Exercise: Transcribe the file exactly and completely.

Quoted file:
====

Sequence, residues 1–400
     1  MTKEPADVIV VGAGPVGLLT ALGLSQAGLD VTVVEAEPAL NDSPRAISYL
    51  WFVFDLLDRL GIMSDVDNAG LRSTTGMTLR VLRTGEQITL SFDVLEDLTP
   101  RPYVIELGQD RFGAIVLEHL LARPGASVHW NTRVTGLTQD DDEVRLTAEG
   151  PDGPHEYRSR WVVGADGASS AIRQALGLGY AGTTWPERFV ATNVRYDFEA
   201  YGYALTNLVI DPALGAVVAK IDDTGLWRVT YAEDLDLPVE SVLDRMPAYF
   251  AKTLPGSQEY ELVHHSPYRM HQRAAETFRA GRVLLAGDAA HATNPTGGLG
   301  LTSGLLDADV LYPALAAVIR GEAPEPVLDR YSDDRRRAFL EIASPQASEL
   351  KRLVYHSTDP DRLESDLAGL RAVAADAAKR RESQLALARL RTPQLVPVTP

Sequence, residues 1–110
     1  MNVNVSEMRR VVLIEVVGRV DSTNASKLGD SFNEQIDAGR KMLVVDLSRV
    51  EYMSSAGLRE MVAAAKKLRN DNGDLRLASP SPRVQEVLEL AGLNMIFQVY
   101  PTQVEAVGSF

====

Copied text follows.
Sequence, residues 1–400
     1  MTKEPADVIV VGAGPVGLLT ALGLSQAGLD VTVVEAEPAL NDSPRAISYL
    51  WFVFDLLDRL GIMSDVDNAG LRSTTGMTLR VLRTGEQITL SFDVLEDLTP
   101  RPYVIELGQD RFGAIVLEHL LARPGASVHW NTRVTGLTQD DDEVRLTAEG
   151  PDGPHEYRSR WVVGADGASS AIRQALGLGY AGTTWPERFV ATNVRYDFEA
   201  YGYALTNLVI DPALGAVVAK IDDTGLWRVT YAEDLDLPVE SVLDRMPAYF
   251  AKTLPGSQEY ELVHHSPYRM HQRAAETFRA GRVLLAGDAA HATNPTGGLG
   301  LTSGLLDADV LYPALAAVIR GEAPEPVLDR YSDDRRRAFL EIASPQASEL
   351  KRLVYHSTDP DRLESDLAGL RAVAADAAKR RESQLALARL RTPQLVPVTP

Sequence, residues 1–110
     1  MNVNVSEMRR VVLIEVVGRV DSTNASKLGD SFNEQIDAGR KMLVVDLSRV
    51  EYMSSAGLRE MVAAAKKLRN DNGDLRLASP SPRVQEVLEL AGLNMIFQVY
   101  PTQVEAVGSF